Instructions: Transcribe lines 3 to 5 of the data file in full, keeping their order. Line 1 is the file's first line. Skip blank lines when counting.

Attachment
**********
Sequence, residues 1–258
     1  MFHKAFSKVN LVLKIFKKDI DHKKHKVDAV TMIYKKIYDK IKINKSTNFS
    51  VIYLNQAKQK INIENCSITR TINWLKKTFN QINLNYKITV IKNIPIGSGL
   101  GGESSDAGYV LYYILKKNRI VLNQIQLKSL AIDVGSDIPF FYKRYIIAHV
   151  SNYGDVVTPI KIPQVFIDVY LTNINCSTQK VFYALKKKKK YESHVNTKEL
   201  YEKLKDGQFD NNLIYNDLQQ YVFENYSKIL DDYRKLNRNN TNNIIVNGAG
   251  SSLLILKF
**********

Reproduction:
    51  VIYLNQAKQK INIENCSITR TINWLKKTFN QINLNYKITV IKNIPIGSGL
   101  GGESSDAGYV LYYILKKNRI VLNQIQLKSL AIDVGSDIPF FYKRYIIAHV
   151  SNYGDVVTPI KIPQVFIDVY LTNINCSTQK VFYALKKKKK YESHVNTKEL